A decade of Climate Extremes

 Caption:The aftermath of Tomás: bird’s eye view of Saliña (Curaçao) during the morning of November 2, 2010.

The world has experienced its warmest decade in the period 2001-2010, since the start of

modern measurements in 1850.

During this decade unprecedented high-impact climate extremes

were experienced across the globe. These were the main findings of a 100 page report, The

global climate 2001-2010, A decade of extremes, that was published on July 3rd 2013. To come to

this conclusion, experts across the globe analyzed global and regional precipitation, temperatures

and extreme events such as heat waves, Hurricane events, floods and severe droughts. The

results were alarming.

Climate variability is a natural phenomenon and is caused in part by the interactions between our

atmosphere and oceans. Two such events are the El Niño and La Niña, which can be interpreted

as some years being cooler than others. Between 2001 and 2010, there was only one moderate

to strong El Niño event observed (in 2009/2010), which normally leads to higher temperatures.

Much of the decade experienced either cooling La Niña conditions or neutral conditions.

Notwithstanding this fact, the results show that this decade was the warmest for both

hemispheres and for both land and ocean surface temperatures. The average land and oceansurface

temperature for the decade 2001-2010 was 0.47°C above the 1961-1990 global average.

For many parts of the world the survey showed that all years of the decade, except for 2008,

were amongst the 10 warmest years on record, with 2010 as the warmest. The record warming

during this period was accompanied by a fast decline in the Arctic sea ice and glaciers, which

resulted in a global mean sea level rise of 3 mm per year, about the double of the observed trend

in the 20th century (1.6 mm per year).

Considering precipitation, the results showed that the 2001-2010 decade was the second wettest

since 1901, with 2010 going into the history books as the wettest year since the start of

instrumental records. According to the survey conducted, which resulted in the abovementioned

report, floods were the most frequently experienced extreme event, while severe droughts

affected more people than any other kind of natural disaster, due to their large scale and long

lasting nature.

The amount of tropical cyclones did not stay behind in the North Atlantic Basin, while other Basins

experienced a decline in tropical cyclone activity. According to the U.S. National Oceanic and

Atmospheric Administration (NOAA), 2001-2010 was the most active decade since 1855 in the

North Atlantic Basin. An average of 15 named storms per year were recorded. This is well above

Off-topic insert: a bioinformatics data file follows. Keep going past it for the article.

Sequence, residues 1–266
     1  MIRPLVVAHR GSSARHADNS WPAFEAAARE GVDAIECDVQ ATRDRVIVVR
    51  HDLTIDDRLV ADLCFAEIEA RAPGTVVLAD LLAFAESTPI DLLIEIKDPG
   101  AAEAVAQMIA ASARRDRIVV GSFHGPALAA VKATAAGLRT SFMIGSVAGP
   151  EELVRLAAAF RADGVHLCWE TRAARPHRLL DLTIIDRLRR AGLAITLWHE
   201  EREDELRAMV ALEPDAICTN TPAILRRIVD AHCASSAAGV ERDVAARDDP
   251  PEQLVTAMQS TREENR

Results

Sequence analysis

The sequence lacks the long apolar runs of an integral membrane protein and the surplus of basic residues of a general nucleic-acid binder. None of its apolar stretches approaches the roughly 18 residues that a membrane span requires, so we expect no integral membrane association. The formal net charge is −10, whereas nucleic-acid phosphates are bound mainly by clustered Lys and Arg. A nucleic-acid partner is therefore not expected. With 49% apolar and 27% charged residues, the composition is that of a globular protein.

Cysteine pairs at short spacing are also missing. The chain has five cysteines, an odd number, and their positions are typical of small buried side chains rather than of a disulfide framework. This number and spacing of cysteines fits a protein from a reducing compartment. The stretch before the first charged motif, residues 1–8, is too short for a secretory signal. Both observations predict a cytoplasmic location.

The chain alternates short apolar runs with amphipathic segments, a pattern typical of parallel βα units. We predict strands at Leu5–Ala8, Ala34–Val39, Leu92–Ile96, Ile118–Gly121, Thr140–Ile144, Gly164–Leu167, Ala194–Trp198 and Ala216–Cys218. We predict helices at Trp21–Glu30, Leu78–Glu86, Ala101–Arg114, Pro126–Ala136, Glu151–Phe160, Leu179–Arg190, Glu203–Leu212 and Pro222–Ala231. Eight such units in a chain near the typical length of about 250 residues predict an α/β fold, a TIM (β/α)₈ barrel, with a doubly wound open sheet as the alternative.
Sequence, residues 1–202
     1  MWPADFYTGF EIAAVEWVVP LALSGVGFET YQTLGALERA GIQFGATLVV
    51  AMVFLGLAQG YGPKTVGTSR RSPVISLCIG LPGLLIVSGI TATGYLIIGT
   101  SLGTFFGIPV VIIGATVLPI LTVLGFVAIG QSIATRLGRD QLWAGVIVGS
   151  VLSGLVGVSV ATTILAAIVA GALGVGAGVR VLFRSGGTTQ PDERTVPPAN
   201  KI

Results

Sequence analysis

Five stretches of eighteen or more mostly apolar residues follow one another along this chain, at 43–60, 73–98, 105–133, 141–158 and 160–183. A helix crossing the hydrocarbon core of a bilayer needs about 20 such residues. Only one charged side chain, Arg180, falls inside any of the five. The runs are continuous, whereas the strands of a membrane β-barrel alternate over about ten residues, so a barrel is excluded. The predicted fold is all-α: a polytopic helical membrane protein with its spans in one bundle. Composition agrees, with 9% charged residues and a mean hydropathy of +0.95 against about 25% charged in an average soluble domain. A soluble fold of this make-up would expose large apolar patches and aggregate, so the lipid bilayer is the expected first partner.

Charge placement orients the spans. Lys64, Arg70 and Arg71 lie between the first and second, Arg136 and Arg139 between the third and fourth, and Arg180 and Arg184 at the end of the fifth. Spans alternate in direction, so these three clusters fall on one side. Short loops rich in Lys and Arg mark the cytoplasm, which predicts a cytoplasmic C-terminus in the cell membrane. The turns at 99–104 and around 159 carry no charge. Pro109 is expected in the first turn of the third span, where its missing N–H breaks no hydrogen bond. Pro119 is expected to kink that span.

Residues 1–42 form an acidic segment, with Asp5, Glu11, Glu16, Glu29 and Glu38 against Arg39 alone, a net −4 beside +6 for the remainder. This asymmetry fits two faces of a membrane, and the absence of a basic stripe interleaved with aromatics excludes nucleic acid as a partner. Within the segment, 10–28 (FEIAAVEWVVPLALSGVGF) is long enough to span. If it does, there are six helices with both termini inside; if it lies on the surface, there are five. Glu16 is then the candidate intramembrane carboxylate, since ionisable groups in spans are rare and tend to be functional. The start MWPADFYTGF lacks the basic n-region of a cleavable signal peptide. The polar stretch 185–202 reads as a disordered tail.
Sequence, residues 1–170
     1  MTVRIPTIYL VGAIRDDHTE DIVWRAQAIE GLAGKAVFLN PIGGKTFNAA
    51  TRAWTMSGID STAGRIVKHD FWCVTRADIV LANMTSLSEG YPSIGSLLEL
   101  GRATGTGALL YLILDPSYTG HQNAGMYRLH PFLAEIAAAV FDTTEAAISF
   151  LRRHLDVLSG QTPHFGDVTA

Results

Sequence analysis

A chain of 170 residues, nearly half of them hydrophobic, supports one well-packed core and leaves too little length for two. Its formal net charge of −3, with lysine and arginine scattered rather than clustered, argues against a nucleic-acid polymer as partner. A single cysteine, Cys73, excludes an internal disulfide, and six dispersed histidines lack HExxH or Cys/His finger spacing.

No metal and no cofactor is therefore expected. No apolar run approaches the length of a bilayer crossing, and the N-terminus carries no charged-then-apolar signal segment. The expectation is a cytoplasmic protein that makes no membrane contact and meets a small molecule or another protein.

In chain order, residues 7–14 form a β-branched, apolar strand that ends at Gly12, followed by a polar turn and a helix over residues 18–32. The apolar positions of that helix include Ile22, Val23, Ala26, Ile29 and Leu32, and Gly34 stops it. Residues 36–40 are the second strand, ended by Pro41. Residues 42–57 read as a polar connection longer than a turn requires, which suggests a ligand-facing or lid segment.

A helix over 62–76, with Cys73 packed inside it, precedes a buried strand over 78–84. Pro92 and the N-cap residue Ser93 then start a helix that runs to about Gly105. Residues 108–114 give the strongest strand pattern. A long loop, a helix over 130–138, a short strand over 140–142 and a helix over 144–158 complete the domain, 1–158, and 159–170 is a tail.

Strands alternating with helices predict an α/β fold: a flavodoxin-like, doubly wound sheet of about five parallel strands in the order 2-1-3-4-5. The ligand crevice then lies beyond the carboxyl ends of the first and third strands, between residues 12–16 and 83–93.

the long-term average of 12 per year. 2005 Went into the history books as the most active year

up to this date. The reason for this increase in the North Atlantic basin is still being debated.


Curaçao has also known its fair share of extremes during the last decade. Analyzing the data

available for Hato Airport Curaçao, we come to the conclusion that the last decade can be

characterized as a warm one, with 6 years (2000, 2001, 2004, 2006, 2003, 2007) ranking in the

top 10 of highest maximum temperatures, as measured since 1918. 2007 and 2003 ranked the

fourth and fifth highest maximum temperatures, with recorded temperatures of 36.9°C in October

2007 and 36.7°C in September 2003. The highest temperature ever recorded in Curaçao was in

September 1996 and was 38.3°C.

Furthermore, two significant events, with highest precipitation in 24 hours, were recorded in this

decade. One event occurred in November 2004, where 81.2 mm was recorded, while the other

event occurred in November 2010, with a total amount of 106.8 mm. The latter event can be

Seru Mahuma

attributed to the passage of then Tropical Storm Tomás, which later on became a hurricane. The

Tomás event caused the second highest precipitation amount in Curaçao for Hato, while both

events are in the top 10 of highest precipitation events since 1969.

Looking at the overall picture, the last decade can be characterized as a generally wet one, with 4

years in the top 10 of the highest number of wet days. 2004 Had the second highest number of

wet days since 1956, 104 wet days. The highest number of wet days for Curaçao was recorded in

1988, a strong La Niña year, and totaled 117 days.

Notwithstanding, Curaçao has also known severe drought in the last decade. The years 2001,

2003 and 2009 were among the top 10 years of lowest number of wet days, with 2001 the lowest

(44), and 2003 the second lowest (47), as rendered from measurements taken since 1956. The

2003 and 2009 drought events can be attributed to a moderate El Niño in 2002-2003 and a

moderate to strong El Niño in 2009-2010.

As can be seen, many of the extreme events can be explained by natural variability of the climate

system. However it is a fact that rising atmospheric concentrations of greenhouse gases also

affects the climate. Clearly identifying the respective roles being played by climate variability and

human induced climate change is still one of the main challenges being faced by researchers today.